Teachers Know Best: The Impact of Taxonomic Distance and Teacher Competence on Evaluation of Negative Evidence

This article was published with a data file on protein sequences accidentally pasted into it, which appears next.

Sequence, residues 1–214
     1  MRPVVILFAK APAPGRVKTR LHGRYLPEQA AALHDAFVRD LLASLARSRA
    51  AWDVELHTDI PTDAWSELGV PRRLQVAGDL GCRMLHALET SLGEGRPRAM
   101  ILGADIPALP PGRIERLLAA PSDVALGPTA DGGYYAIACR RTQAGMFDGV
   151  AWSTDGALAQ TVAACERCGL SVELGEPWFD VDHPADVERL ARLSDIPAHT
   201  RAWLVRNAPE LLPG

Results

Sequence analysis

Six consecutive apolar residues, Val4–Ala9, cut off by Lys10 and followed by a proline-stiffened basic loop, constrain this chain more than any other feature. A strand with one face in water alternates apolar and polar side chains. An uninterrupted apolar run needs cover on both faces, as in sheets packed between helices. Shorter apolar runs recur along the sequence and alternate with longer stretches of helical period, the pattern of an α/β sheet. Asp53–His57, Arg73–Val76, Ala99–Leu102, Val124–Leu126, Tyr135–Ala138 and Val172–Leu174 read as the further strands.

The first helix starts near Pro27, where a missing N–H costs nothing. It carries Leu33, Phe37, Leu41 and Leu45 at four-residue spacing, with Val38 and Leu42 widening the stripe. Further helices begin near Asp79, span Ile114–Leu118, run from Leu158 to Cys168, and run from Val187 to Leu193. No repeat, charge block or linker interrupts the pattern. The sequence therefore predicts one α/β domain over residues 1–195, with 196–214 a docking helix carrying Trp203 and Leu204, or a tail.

AbstractInductive generalization involves extending knowledge from sparse samples of evidence to arrive at broad conclusions. Most of the research in this area has focused on generalization from sparse samples of positive evidence (cases known to share properties with known cases; e.g., birds have hollow bones). Much less is known about generalization from samples of negative evidence (cases known to lack the properties attributed to known cases; e.g., bats do not have hollow bones). This paper reports the results from three experiments that examined factors that were believed to influence adults’ evaluation of negative evidence. Experiment 1 showed that when selecting among samples most useful for teaching about a particular category, participants (N=36) preferred samples with negative evidence rather than those with single, or additional, positive evidence. Experiment 2 revealed that participants (N=25) preferred samples with negative evidence that included a closer (rather than more distant) taxonomic match with the category in question. Finally, Experiment 3 revealed that adults (N=52) only preferred samples that provided a close match when evidence was provided by a competent informant. Overall these results emphasize the important role of pragmatic expectations when reasoning about samples that include negative evidence.

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